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Franklin Templeton Building
4200 54th Avenue South
St. Petersburg, FL 33711
toll-free: (800) 456-9009
phone: (727) 864-8332
fax: (727) 864-7559
Policies and Procedures
Family Medical Leave Act (FMLA)
The Family Medical Leave Act (FMLA) was signed into law in 1993, amended in 2008 to include leave provisions for Military Families. The Department of Labor amended the FMLA again in January 2009 to clarify for both employees and employers their responsibilities and rights under the FMLA. The purpose of this policy is to set forth guidelines and procedures to be followed in complying with FMLA.
The FMLA law requires that employers with fifty (50) or more employees, such as Eckerd College, provide continuous or intermittent job protected unpaid leave. All full-time and part-time employees meeting the criteria set forth by FMLA are eligible. The Office of Human Resources administers FMLA on a twelve (12) month calendar from the date of commencement of leave.
FMLA may have interactions with other laws and/or policies such as, Americans with Disabilities Act (ADA), Workers' Compensation, and Short Term Disability (STD).
- Employees must be employed by the College for at least twelve (12) months and at least 1,250 hours during the preceding twelve (12) months prior to the date FMLA commences.
- Employee's purpose of leave must be for one of the following reasons:
- To care for a child after birth, adoption, or placement in your home for foster care.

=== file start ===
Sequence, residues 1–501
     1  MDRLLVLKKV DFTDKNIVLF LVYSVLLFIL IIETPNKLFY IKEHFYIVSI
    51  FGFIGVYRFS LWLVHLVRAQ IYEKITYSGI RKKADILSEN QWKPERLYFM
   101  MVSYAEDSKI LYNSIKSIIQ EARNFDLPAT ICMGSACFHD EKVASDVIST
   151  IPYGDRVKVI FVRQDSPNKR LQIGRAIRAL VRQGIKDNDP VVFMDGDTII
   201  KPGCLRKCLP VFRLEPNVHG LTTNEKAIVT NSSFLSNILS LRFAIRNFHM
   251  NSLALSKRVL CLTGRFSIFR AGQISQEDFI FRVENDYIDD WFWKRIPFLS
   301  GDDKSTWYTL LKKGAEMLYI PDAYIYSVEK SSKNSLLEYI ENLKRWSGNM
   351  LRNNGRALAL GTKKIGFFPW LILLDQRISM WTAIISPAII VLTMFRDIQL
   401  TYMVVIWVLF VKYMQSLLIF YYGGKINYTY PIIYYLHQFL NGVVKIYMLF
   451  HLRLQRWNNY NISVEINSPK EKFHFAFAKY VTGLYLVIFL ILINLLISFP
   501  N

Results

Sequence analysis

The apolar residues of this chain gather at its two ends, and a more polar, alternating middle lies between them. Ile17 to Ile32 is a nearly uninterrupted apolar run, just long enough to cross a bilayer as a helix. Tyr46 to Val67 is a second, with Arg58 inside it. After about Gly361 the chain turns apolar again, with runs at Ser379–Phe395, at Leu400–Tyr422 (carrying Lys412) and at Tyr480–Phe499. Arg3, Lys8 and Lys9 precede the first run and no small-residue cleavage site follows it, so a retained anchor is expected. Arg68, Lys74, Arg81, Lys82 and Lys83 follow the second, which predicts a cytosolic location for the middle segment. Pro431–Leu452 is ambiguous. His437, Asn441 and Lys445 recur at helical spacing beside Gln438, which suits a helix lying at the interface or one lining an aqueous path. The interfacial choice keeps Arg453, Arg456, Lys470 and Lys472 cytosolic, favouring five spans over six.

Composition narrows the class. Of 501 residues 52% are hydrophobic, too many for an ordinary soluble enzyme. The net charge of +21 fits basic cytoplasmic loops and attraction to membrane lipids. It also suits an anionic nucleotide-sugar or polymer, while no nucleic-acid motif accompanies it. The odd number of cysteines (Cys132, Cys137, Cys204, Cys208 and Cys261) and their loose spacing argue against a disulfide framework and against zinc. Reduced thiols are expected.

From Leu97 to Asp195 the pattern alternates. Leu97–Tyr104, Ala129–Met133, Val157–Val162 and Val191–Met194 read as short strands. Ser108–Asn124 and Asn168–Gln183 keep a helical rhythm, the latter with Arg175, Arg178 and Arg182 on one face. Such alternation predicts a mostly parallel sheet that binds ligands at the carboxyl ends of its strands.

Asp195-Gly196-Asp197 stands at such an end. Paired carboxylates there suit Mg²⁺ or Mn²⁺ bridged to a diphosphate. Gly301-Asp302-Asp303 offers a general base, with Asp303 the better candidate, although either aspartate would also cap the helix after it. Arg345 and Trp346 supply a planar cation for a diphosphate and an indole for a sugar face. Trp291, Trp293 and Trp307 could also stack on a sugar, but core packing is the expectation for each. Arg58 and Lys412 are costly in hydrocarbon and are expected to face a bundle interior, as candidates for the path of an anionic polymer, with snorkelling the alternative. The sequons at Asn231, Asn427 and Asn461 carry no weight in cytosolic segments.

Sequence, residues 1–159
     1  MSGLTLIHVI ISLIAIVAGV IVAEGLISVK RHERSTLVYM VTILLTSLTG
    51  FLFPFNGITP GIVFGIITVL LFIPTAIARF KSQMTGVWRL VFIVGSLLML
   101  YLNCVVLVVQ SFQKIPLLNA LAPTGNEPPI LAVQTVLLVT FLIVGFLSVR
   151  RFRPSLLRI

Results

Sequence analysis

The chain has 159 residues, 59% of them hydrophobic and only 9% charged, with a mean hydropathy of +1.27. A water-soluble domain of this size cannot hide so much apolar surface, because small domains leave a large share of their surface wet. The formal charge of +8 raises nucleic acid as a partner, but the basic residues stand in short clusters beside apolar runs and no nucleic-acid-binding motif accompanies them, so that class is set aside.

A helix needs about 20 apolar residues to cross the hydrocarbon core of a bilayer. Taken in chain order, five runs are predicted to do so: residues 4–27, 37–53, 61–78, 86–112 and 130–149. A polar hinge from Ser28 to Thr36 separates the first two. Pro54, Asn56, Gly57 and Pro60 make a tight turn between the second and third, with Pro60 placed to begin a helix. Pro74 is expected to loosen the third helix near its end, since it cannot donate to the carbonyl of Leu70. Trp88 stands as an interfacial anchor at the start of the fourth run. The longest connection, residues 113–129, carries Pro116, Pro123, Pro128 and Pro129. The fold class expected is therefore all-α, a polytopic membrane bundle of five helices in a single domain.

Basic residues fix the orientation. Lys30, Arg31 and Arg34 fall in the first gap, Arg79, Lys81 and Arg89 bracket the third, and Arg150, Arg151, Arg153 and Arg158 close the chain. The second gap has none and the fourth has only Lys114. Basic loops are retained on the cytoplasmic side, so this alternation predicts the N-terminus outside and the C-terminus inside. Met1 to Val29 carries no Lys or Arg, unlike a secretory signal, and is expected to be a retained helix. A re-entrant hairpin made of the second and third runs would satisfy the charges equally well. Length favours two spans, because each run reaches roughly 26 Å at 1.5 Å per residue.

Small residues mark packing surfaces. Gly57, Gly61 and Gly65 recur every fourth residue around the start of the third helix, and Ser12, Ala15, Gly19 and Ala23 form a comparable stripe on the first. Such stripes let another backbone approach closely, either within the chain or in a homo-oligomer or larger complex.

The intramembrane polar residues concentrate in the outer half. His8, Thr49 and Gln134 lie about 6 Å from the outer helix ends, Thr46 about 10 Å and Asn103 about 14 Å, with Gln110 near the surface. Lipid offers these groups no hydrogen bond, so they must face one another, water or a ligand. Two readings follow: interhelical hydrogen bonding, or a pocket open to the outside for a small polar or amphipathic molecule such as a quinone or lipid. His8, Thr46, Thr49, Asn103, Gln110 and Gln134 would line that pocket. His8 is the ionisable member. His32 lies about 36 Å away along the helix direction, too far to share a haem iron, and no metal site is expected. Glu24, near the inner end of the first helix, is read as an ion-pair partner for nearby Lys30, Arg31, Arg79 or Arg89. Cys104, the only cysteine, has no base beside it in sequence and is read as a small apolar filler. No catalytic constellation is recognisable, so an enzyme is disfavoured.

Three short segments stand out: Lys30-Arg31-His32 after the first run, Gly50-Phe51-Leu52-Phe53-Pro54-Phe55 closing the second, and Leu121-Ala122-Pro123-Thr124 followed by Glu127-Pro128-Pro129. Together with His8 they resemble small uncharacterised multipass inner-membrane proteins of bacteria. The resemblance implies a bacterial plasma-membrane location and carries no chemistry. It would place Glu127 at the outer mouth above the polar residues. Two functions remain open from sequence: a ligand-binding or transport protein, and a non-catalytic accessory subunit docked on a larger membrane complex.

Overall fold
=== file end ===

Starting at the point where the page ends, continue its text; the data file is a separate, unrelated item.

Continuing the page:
- To care for your spouse, child, parent, or domestic partner who has a serious health condition.
- For your own serious health condition.
- To care for family members who incur a "serious injury or illness" as a result of active military service.
- A "qualifying exigency" arising out of the fact that a family member is called to active military duty.
Notice of FMLA
Foreseeable FMLA leave should be requested with Human Resources and your Supervisor at least thirty (30) days in advance of when the leave is anticipated, using the Employee Request for FMLA Form.
Duration of Leave
Under FMLA, eligible employees are entitled to a maximum of either twelve (12) or twenty-six (26) work weeks in a twelve (12) month period. This leave may be used continuously or intermittently.
- Military Families
Under FMLA, eligible employees of Military Families are entitled to leave as follows:
- Caregiver Leave: Up to twenty-six (26) weeks in a single 12-month period of unpaid job-protected leave for an employee who is the spouse, son, daughter, parent or next of kin to care for a covered service member, i.e., undergoing medical treatment for a serious injury or illness.
- Active Duty Leave: Twelve (12) weeks unpaid job-protected leave for employees who have a "qualifying exigency" related to spouse, son, daughter or parent on active duty or notified of an impending call to active duty status.
COMBINED LEAVE TOTAL - Eligible employees may request up to a maximum of 12 work weeks of family or medical leave or 26 work weeks of service member leave within a rolling 12-month period measured from the start date of any family or medical leave.
NOTICE FOR LEAVE DUE TO ACTIVE DUTY OF FAMILY MEMBER - In any case in which the necessity for leave is foreseeable, whether because the spouse, or a son, daughter, or parent, of the employee is on active duty, or because of notification of an impending call or order to active duty in support of a contingency operation, the employee shall provide such notice to the employer as is reasonable and practicable.
CERTIFICATION RELATED TO ACTIVE DUTY OR CALL TO ACTIVE DUTY - Eckerd College requires a request for leave be supported by appropriate certification.
Maintaining Pay Status and Insurance Benefits